Smoke, Shaded, and Shell in Maine Coon Cats – Simplified Explanation
Smoke, Shaded, and Shell are coat color patterns in Maine Coon cats caused by the “inhibitor gene” or “silver gene.” Each pattern varies in the amount of color left on the cat’s coat.
- Smoke: Smoke Maine Coons have a solid color coat with the inhibitor gene suppressing the color in the hair shaft. The hairs are dark (usually black) at the tips but have much lighter-colored bands near the bottom. Smoke Maine Coons have more than 33% of the hair ends colored.
- Shaded: Shaded Maine Coon cats have 33% or 1/3 of the hair ends colored. The coat shows a lesser degree of wide banding than a “shell” and more than a smoke.
- Shell: Shell Maine Coon cats have 12% or 1/8 of the hair ends colored.
Tarnishing and Wide Band Effect:
Tarnishing occurs when the inhibitor gene fails to completely block pigment, resulting in a breakthrough of reddish color. The wide band effect refers to the pale band between the pigmented tip and the follicle. The presence or absence of the inhibitor (silver) gene does not affect the wide band effect. Golden Shaded cats lack the inhibitor gene but have a shading pattern comparable to Silver Shaded cats.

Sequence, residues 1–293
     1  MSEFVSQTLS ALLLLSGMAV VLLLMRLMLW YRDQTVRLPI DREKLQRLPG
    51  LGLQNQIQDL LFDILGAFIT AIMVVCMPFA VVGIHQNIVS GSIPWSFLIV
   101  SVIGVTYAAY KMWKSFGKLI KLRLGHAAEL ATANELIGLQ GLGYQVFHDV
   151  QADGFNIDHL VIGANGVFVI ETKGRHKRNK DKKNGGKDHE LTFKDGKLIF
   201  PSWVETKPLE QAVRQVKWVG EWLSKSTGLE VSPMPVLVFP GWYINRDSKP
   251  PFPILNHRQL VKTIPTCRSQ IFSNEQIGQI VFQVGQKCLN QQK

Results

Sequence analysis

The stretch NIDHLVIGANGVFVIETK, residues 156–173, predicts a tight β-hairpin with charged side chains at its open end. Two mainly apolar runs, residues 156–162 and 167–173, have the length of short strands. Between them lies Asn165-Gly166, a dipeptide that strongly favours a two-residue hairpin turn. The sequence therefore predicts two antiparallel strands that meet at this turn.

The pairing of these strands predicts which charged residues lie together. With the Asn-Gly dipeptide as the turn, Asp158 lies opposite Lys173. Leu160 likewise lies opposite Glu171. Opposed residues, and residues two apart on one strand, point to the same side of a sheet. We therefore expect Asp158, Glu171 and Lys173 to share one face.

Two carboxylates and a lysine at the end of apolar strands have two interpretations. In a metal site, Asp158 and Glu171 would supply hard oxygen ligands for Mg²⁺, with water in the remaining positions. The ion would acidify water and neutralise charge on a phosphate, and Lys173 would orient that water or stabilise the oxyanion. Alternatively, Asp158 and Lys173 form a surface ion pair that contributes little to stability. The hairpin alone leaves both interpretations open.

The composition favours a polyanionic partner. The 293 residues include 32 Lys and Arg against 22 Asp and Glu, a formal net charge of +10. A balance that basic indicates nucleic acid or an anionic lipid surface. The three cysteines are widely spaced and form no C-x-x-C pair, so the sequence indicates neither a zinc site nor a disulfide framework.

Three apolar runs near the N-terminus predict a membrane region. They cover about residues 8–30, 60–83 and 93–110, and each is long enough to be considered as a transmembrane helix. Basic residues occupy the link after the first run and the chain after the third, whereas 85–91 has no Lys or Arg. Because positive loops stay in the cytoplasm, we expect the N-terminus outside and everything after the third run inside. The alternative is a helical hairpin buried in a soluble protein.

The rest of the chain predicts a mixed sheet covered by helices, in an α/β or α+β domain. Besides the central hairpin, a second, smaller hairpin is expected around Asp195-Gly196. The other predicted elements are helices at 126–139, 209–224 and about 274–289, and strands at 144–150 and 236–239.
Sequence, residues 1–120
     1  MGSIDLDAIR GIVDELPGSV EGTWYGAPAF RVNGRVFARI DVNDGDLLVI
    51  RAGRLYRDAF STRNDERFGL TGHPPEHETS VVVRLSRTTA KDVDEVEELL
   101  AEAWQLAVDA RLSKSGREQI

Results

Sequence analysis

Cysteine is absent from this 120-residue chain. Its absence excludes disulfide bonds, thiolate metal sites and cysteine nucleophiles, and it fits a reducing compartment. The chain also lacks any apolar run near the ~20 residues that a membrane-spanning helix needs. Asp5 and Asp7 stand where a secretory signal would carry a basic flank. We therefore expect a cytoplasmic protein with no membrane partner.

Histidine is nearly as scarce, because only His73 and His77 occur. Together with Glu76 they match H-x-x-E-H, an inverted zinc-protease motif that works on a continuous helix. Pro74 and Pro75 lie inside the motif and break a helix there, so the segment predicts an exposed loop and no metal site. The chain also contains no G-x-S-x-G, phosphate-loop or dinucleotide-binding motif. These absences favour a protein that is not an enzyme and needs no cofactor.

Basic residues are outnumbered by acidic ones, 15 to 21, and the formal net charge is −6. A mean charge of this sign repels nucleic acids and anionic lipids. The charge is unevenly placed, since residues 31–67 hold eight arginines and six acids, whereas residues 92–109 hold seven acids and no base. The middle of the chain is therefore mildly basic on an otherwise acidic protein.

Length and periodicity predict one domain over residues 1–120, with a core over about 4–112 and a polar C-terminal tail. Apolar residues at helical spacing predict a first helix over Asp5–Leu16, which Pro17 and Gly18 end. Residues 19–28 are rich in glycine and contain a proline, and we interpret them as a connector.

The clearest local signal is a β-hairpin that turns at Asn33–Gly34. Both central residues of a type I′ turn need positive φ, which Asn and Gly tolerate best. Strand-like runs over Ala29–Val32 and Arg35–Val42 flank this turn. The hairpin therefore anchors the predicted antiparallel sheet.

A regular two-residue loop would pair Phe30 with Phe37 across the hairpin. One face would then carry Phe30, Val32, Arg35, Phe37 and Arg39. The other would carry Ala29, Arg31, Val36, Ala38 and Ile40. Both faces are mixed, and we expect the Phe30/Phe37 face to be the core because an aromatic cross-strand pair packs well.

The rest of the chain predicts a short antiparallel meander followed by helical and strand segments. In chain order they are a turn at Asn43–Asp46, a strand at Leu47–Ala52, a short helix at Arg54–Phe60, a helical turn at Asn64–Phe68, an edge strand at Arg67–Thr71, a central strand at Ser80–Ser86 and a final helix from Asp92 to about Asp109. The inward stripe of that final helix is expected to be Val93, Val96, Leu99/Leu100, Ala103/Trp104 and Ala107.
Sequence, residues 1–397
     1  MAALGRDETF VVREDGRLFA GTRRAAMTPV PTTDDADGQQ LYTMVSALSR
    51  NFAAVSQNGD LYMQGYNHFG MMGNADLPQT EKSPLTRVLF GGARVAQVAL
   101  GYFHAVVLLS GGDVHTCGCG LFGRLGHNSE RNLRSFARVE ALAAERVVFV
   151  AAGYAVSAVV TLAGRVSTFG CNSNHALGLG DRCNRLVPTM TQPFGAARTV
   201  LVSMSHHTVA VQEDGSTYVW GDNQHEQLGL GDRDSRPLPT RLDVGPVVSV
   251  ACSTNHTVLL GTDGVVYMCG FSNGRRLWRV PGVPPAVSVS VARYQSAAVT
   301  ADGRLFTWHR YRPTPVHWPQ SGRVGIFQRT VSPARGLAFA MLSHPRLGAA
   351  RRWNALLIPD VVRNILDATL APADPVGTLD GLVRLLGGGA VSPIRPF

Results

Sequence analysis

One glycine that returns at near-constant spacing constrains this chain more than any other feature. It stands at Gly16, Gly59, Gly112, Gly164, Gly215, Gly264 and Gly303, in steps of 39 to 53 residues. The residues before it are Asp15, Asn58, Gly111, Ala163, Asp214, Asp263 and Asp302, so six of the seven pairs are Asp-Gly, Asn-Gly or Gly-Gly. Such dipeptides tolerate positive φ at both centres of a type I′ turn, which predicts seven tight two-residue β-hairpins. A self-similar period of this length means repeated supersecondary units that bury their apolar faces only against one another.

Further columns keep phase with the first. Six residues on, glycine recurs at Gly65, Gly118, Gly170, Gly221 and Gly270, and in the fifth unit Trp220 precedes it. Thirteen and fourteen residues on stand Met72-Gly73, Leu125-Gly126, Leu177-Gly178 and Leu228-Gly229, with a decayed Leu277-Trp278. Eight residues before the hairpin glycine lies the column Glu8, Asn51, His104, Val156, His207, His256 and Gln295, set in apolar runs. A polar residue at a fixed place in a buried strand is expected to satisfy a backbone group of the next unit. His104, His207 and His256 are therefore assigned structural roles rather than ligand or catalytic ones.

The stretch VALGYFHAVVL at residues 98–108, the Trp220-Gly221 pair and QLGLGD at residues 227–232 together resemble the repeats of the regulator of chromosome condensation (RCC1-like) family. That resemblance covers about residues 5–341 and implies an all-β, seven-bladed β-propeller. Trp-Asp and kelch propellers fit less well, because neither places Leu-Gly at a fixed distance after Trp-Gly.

- Non-agouti + Wide Band = Solid Color
- Non-agouti + Wide Band + inhibitor gene = Smoke Pattern
- Agouti + Wide Band = Golden series
- Agouti + Wide Band + inhibitor gene = Silver series
The inhibitor gene is a dominant gene, which means a cat without this gene cannot carry it. Offspring can receive this gene from either parent, but at least one parent must have the gene. The inhibitor gene affects yellow pigment more than black pigment.
Examples of Coat Colors:
Please note that the genetic codes mentioned are simplified, and cat coat color genetics can be quite complex and involve multiple interacting genes.